School Resource Officer

School Resource Officer Deputy First Class Andy Sidow oversees the arriving buses and students at his Urbana Elementary School assignment as Teresa Hilliard, principal, guides a student to the building on the first day of in-person classes Tuesday. The deputy is a member of the Frederick County Sheriff’s Office.

As thousands of children returned to public school buildings throughout Frederick County this week, two bills in the statehouse would, if passed, fundamentally impact one of the central frameworks of school safety: school resource officers.

Local Republicans were against the proposals, which seek to eliminate school resource officers (SROs) in favor of more counselors, psychologists and social workers. Those changes are laid out in House Bill 496, which had a hearing in that chamber's Ways and Means Committee earlier this month.

There also is Senate Bill 245, a much shorter bill that doesn't propose eliminating SROs, but does propose some changes, like: 

  • Restricting public school building access to SROs, unless they are called on by school officials to respond to an emergency, are participating in instruction led by another school official, or need to use a restroom
  • SROs may not participate in the "routine school discipline of a student"
  • Those officers must be in plain clothes, not in uniform

Lt. Jason Deater, who has spent about 18 years in the Frederick County Sheriff's Office and about a year as commander of the SRO program, said there are currently 14 deputies in the program. The Frederick and Brunswick police departments are a few of the other local agencies that provide school resource officers, he added.

Deater said there are often "misconceptions" about the program in that people believe officers are only reporting to schools where there are emergencies or bad incidents.

Deputies are only involved in school discipline if they see a fight in progress at a school, Deater said.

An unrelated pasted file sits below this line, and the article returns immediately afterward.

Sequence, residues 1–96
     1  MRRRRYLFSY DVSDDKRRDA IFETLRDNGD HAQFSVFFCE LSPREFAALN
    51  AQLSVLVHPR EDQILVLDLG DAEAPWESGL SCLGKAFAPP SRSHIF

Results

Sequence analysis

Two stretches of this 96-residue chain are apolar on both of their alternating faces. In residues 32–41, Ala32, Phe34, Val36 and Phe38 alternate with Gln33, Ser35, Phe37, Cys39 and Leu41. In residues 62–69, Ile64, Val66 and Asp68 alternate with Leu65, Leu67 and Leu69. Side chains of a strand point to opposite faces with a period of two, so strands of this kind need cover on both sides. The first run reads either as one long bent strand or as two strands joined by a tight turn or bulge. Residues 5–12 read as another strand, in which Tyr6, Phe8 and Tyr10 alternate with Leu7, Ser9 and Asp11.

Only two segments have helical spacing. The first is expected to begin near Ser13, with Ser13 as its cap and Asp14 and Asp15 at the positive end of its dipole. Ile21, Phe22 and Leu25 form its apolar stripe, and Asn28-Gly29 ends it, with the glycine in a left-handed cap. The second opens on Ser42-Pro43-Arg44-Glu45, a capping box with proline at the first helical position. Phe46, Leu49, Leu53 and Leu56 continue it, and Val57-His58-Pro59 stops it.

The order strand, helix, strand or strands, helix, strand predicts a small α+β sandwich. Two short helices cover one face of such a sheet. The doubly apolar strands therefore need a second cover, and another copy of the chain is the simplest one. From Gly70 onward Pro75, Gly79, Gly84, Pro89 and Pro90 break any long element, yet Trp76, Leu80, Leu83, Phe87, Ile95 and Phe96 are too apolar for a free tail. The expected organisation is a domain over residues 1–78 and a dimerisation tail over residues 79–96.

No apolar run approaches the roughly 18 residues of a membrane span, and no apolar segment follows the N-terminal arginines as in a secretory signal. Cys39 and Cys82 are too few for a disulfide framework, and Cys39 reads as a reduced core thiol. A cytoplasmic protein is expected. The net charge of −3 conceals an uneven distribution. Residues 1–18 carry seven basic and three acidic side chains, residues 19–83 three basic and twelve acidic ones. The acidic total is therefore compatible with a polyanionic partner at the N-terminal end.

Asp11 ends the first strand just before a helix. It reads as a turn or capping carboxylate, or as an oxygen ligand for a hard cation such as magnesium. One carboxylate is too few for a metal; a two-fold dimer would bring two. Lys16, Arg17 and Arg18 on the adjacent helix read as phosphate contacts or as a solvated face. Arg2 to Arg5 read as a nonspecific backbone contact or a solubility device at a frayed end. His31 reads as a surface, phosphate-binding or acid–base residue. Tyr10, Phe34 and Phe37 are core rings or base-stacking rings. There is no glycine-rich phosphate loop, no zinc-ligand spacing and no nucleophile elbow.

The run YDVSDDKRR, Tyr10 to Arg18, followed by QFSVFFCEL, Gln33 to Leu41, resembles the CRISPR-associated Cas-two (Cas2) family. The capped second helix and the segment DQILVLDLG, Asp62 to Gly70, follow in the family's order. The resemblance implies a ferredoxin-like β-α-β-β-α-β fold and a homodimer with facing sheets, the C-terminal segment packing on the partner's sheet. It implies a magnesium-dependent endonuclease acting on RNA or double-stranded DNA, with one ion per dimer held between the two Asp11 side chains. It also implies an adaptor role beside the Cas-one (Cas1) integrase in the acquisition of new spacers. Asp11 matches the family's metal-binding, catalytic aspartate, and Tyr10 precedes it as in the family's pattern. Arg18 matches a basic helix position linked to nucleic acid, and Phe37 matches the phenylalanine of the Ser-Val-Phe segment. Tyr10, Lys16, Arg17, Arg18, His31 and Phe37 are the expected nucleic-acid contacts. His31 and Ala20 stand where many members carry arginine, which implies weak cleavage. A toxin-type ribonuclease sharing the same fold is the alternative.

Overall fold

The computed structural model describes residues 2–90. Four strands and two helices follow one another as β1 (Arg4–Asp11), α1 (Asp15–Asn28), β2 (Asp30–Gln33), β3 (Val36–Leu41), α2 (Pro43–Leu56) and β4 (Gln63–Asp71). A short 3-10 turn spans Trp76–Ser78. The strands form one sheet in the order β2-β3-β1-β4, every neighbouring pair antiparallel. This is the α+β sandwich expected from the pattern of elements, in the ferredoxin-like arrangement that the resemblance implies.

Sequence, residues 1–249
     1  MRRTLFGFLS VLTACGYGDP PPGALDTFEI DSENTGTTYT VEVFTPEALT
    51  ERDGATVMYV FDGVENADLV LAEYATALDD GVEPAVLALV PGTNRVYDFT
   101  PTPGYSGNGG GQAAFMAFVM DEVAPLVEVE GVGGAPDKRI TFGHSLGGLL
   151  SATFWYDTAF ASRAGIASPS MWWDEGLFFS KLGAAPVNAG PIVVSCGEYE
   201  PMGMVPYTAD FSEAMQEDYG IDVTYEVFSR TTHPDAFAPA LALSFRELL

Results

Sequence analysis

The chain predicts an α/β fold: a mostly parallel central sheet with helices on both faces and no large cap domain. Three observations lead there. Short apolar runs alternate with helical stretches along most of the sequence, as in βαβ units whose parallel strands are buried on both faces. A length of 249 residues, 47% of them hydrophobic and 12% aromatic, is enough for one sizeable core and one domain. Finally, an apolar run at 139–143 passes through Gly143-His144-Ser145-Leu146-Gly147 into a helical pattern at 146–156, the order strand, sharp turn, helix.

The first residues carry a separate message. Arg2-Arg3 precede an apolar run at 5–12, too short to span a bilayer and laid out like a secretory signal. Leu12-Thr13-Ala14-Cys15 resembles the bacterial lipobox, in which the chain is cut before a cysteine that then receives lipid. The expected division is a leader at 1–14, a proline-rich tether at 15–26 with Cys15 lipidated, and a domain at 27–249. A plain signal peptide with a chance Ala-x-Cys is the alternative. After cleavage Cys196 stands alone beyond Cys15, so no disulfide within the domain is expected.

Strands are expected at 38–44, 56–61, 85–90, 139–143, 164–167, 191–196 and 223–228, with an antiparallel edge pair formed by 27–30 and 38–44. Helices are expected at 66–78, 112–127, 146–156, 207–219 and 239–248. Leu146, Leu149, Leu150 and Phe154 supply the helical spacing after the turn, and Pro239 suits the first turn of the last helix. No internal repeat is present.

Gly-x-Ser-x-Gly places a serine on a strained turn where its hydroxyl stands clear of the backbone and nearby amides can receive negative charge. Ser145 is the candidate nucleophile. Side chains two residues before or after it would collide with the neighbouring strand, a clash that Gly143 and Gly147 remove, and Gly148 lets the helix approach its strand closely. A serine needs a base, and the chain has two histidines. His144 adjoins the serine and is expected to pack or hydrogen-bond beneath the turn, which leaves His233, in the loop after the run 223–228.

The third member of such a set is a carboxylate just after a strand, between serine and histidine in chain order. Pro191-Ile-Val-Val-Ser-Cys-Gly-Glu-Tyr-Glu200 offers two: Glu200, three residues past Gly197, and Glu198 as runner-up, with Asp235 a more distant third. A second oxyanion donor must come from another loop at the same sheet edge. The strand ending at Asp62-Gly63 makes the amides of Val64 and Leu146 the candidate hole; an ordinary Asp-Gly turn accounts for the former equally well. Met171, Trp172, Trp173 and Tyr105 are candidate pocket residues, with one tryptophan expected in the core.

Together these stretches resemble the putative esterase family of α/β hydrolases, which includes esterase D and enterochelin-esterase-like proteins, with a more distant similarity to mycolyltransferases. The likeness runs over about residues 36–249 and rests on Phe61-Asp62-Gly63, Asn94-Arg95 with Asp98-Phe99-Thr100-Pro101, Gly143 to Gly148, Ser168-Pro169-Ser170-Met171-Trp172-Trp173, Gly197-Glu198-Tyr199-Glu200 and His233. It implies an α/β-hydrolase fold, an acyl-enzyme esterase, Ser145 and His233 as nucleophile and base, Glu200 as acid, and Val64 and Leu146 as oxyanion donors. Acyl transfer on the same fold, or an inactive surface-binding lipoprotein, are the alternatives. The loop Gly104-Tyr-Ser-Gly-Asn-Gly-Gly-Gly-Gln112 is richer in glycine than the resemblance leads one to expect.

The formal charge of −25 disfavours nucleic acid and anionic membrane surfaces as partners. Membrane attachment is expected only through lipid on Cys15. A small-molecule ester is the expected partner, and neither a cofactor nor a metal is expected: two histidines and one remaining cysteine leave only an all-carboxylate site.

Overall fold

"School security is just a small part of what we do ... What better ways are there than to have police officers in a school, [in] that they can make contact with students daily," Deater said. "These are not negative contacts. They are normal, everyday contacts."

Sen. Ron Young (D-Frederick) was a teacher at Yellow Springs Elementary School before he ran for mayor of Frederick in the 1970s. In 2018, his colleague, Sen. Michael Hough (R-Frederick and Carroll) successfully added an amendment to the Maryland Safe to Learn Act, requiring that all public elementary, middle and high schools have adequate law enforcement coverage.

Young supported that amendment and the overall bill. He's unsure if he would support changes laid out in the House bill, but he did acknowledge many schools need more counselors and related staff. 

Ultimately, Young believes local school boards should probably make the decision versus a statewide bill.

"I like the local jurisdiction … [and] school boards to make those decisions, and they can respond better to the local citizens in terms of what they want, as opposed to what I want," Young said.

Hough, however, was quick to criticize the House bill, noting it would be a reversal of what the General Assembly did with the Safe to Learn Act. He doesn't think it's likely the bill will pass, at least in its current form.

He is in support of more counselors and similar employees in school buildings, but said eliminating school resource officers would be a bad decision. He noted when law enforcement discovered a plot for a school shooting at Catoctin High School in 2017.

"I would say removing SROs from schools is a uniquely terrible idea ... Speaking as a father, it’s abhorrent we would remove security in any way from our schools," Hough said.

Del. Jesse Pippy (R-Frederick and Carroll) was also opposed to the idea of removing school resource officers. Like Hough, he understands demand for more counselors and psychologists.

But Pippy added that aspects in the Senate bill could also cause issues. For instance, school resource officers in uniform versus in plain clothes might act as a deterrent for people targeting schools. Del. Barrie Ciliberti (R-Frederick and Carroll) agreed.